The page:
April 04, 2018

Cortez Masto: Omnibus Delivers Funding for Enhanced Environmental Protection, Blocks Yucca Mountain Funding

Las Vegas, Nev. – U.S. Senator Catherine Cortez Masto (D-Nev.) released the following statement on the spending agreement that passed in the Senate, highlighting its increased or matched funding for environmental and science programs despite the Trump administration’s calls for spending cuts to advance the president’s anti-science agenda.

“Despite the administration’s repeated calls to cut funding for environmental and science programs, I am pleased that the omnibus will deliver critical resources to help us tackle the threat of climate change, protect the environment and our public lands. This omnibus contains absolutely zero funding for the reopening of Yucca Mountain, and it protects the Payments In Lieu of Taxes (PILT) program so our local governments can continue to provide essential services to Nevada’s rural communities.

“Nevada families deserve clean air, clean water, and the opportunity to enjoy our state’s vast and beautiful public lands. I will continue to fight for federal money for the people of Nevada and fight to make sure Yucca Mountain remains dead.”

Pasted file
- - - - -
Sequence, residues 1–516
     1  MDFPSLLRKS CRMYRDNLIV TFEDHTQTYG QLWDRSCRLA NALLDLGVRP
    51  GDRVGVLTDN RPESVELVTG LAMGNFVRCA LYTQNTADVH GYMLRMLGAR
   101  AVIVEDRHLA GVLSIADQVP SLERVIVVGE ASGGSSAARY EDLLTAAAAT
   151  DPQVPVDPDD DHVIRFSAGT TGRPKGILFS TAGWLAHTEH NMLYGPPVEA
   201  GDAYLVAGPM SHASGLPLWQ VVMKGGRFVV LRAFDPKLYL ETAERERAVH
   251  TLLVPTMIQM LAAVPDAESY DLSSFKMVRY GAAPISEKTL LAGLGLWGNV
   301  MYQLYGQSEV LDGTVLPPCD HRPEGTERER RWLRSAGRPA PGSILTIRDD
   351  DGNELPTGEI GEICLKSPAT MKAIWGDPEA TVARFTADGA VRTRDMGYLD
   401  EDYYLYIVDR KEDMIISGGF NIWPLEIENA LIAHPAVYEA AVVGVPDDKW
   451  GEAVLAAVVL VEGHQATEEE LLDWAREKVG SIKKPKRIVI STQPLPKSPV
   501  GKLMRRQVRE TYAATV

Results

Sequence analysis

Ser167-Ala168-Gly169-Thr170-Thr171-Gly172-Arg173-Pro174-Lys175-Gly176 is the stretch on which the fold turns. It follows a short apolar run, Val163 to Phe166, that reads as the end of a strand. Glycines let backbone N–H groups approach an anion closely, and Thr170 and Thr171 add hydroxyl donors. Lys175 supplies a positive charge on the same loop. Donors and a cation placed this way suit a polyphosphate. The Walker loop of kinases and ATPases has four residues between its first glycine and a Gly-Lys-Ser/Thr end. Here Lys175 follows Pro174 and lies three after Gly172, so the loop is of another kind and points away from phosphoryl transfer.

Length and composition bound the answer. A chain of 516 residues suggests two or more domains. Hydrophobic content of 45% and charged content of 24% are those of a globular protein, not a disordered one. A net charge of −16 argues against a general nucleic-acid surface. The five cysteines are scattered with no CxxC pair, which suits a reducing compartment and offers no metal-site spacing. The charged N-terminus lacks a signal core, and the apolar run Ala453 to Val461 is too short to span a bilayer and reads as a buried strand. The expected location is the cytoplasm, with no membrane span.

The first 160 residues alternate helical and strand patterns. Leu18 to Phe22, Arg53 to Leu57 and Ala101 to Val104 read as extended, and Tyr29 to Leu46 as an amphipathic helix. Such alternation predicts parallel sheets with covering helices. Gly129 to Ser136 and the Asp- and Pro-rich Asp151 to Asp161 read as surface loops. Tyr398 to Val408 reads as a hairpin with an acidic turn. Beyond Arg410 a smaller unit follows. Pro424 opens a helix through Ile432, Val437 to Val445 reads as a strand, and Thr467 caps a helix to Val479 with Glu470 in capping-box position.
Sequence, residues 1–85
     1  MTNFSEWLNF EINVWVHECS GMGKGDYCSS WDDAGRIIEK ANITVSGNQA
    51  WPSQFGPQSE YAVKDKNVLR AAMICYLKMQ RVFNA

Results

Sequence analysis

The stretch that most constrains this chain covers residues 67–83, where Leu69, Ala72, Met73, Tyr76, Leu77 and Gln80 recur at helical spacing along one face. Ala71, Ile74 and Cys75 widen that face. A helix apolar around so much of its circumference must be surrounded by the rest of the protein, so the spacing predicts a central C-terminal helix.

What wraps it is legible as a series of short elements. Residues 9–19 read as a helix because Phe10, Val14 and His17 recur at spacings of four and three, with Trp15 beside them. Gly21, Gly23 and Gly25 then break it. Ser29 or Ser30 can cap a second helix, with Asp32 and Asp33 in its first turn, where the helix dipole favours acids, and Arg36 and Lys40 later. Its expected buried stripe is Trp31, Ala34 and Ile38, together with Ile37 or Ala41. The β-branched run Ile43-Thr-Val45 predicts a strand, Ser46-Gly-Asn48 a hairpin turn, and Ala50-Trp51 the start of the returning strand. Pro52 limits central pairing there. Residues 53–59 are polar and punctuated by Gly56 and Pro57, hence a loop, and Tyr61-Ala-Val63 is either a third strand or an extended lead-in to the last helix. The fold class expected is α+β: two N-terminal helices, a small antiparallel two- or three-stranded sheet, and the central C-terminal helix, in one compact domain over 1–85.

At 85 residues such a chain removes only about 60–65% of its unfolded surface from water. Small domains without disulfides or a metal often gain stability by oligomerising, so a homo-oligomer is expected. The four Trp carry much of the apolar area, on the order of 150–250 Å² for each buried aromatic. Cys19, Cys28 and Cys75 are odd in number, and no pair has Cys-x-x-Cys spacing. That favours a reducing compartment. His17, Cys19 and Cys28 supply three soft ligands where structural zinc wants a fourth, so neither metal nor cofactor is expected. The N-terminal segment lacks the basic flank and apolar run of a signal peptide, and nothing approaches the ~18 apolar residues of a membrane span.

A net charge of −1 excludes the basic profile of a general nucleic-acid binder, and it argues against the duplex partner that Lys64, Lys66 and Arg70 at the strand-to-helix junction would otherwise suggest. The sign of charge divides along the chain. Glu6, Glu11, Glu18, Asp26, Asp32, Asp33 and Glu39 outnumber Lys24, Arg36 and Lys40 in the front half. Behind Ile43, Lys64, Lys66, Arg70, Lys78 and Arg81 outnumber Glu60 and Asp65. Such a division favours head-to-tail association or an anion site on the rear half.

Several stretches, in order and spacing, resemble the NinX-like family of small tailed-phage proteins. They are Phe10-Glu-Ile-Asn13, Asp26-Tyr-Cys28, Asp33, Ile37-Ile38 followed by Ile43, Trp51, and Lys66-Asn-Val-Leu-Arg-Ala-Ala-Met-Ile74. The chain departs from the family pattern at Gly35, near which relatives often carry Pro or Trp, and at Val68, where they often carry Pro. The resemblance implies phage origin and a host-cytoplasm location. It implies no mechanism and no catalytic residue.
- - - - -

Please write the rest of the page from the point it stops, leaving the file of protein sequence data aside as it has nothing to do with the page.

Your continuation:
BACKGROUND

The omnibus spending package passed last week in the Senate:

  • Matches the Environmental Protection Agency’s (EPA) 2017 funding of $8.1 billion despite Trump administration’s call for more than a 23 percent cut.
  • Funds EPA’s state and regional grants in full.
  • Protects EPA Staff, including scientists, from Administrator Pruitt’s requested funding for large-scale buyouts.
  • Boosts the Department of Energy’s (DOE) funding for energy programs.
  • Increases the Office of Energy Efficiency & Renewable Energy by 14 percent, receiving a total of $2.3 billion.
  • Increases funding for DOE's Office of Science to a record $6.26 billion, a 16 percent increase over current spending.
  • Rejects the Trump Administration’s proposed funding for Yucca Mountain.
  • Raises National Parks Funding by 8 percent, including a roughly $150 million increase to address the National Park Service's $11.6 billion maintenance backlog.
  • Awards more money to the Land and Water Conservation Fund and the Payments in Lieu of Taxes (PILT) programs, more than both current spending levels and against the administration's recommendations.
  • Maintains $60 million for “greater sage-grouse and related sage-steppe conservation activities,” equal to the current spending level.

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